In Australia, 1 in 2 people will be diagnosed with cancer by the age of 85. It’s a leading cause of death and costs the health system more than $4.5B annually.
With cancer a disease of the DNA, understanding the human genome is crucial to finding better, more effective, ‘personalised’ treatments.
However, the sequencing of just one genome generates tens of gigabytes of data. Analysing this information requires the vast processing power of costly supercomputers, which aren’t always available to medical researchers.
As a result, the pace of cancer research suffers, along with the ability to make discoveries that benefit patients.
To solve this problem and help improve the health of Australians through mobile technology, Vodafone Foundation formed a partnership with the Garvan Institute of Medical Research to build DreamLab – a way for people to donate the processing power of their smartphones and create Australia’s first ‘smartphone supercomputer’.
Developing such an ambitious project required a team with the perfect mix of human-centered design, technical expertise, and health industry knowledge. Transpire was chosen to design, architect, and develop DreamLab with the cloud server supported by Amazon Web Services (AWS).
Solution – Design and Development
The idea of using networked smartphones as a distributed supercomputer to process medical research data was a first in Australia.
It required a sophisticated and scalable solution that enabled the distribution of medical research problems to user devices, and for the processed data to be sent back to Garvan via the cloud.
Thanks to our high-level technical capability alongside a track record of creating user-friendly, well-design applications, we were able to develop both the complex back-end and minimalistic front-end with no barriers to participation.
DreamLab called upon the experience and expertise of approximately 20 people at Transpire, who worked in close collaboration with Vodafone for two years to design, develop, test, and launch the application.
The nature of the project, which was built using cutting-edge pre-release AWS technology, required an architecture that supported large volumes of data and spiked traffic while remaining cost effective.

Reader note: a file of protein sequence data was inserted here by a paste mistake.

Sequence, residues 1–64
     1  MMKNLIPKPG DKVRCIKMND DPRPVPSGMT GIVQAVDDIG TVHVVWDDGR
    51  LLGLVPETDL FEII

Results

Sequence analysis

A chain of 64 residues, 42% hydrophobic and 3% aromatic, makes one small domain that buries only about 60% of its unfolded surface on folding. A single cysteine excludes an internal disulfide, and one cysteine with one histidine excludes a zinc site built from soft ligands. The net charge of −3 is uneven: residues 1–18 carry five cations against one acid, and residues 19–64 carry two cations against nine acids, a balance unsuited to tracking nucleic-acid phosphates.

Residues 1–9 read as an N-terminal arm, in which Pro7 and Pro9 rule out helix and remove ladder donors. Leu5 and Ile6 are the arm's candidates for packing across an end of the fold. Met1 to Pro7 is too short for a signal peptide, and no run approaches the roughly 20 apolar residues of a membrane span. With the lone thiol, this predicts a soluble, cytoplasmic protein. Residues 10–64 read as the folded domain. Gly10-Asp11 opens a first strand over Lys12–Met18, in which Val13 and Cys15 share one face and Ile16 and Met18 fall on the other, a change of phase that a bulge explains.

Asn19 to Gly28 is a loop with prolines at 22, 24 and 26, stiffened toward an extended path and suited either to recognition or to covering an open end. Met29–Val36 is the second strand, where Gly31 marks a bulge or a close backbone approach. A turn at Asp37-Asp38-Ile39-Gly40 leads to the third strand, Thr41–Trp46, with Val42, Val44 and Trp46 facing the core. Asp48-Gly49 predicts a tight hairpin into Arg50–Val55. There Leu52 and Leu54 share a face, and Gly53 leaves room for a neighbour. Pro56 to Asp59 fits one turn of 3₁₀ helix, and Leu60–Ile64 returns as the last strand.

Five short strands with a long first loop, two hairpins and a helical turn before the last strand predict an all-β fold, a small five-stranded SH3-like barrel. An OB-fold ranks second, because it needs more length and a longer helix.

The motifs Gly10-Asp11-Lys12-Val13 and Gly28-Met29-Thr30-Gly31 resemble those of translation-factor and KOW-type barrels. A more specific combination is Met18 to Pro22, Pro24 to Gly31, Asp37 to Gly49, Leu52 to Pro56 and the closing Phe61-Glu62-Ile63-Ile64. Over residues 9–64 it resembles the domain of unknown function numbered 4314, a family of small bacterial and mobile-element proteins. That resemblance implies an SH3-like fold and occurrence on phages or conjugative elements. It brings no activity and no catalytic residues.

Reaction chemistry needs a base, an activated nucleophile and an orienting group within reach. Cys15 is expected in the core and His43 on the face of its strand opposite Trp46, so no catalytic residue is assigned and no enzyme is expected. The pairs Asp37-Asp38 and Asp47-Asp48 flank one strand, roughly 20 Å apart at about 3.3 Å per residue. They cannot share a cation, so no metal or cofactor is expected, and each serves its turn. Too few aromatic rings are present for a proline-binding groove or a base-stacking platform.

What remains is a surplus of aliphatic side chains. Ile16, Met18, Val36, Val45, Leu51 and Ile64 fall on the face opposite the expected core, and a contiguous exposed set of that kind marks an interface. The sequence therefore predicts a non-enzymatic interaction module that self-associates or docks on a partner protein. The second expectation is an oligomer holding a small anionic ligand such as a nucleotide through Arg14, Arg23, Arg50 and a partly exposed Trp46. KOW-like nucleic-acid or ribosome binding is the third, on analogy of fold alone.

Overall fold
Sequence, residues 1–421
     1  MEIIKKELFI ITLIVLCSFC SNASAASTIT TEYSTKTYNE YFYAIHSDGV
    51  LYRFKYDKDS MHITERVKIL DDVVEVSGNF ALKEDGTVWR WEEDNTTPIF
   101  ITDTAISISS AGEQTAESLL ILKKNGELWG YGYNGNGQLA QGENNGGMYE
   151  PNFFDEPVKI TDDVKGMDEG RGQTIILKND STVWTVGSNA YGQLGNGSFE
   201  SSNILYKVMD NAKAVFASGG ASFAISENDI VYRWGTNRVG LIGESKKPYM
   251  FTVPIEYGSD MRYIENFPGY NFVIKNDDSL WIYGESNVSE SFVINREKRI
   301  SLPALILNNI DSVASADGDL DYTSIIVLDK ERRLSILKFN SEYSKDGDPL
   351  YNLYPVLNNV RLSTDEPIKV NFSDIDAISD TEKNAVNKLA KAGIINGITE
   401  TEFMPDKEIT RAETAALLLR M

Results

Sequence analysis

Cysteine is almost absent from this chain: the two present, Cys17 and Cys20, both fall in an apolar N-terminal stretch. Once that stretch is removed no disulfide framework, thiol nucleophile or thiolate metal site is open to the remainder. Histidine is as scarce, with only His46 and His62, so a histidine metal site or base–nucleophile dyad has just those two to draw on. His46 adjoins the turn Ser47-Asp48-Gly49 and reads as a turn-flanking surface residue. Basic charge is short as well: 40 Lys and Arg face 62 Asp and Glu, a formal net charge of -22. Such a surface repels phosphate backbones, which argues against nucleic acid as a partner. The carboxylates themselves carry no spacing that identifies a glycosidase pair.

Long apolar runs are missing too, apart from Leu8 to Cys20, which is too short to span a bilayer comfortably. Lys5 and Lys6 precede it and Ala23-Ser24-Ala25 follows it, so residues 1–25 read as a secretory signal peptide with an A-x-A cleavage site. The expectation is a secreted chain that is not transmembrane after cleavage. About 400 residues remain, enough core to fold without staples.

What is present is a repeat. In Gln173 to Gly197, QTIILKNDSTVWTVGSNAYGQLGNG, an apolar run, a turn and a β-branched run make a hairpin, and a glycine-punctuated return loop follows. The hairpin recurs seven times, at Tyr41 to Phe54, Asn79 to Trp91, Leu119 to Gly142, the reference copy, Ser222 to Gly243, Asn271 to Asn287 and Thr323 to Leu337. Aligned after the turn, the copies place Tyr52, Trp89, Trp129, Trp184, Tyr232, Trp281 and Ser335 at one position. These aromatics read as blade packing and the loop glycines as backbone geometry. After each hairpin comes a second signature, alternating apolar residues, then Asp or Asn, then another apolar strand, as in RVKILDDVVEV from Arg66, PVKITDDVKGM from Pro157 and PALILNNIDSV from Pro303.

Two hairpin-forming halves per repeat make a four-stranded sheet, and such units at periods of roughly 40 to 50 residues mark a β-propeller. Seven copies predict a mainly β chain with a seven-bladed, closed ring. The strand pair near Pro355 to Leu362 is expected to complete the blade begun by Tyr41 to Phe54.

One of the guiding principles of DreamLab was to create an experience where making a meaningful contribution to cancer research was as simple as possible. For this reason, quantitative research with Vodafone customers, as well as qualitative research with Vodafone employees and Garvan scientists, was conducted to test attitudes towards the concept, app experience, storyboard design, and promotional materials.
Solution – How It Works
First of all, the Garvan Institute uploads its large research problems to the cloud. Once the user has downloaded DreamLab and started charging their device, it will start processing the data, made possible by a novel algorithm built by Garvan researchers.
The algorithm compares the functional similarities and differences in mutated genes from different patients to create a library of cancers grouped by their genetic profile. The result is then sent back from user smartphones to the Garvan team for analysis.
The purpose of DreamLab was to provide Garvan researchers with not only free access to crucial computing resources – saving the institute money and freeing up other compute resources for more research – but, most importantly, to help speed up the pace of cancer research.
DreamLab has crunched over 100 million calculations thanks to hundreds of thousands of global users spanning Australia, New Zealand, UK, and elsewhere.
DreamLab has 300,000 users throughout the UK, Australia, New Zealand, Italy and Romania.
4.8/5 star review
Based on over 15,000 reviews across the App Store and Google Play, DreamLab has a near perfect 5 star rating.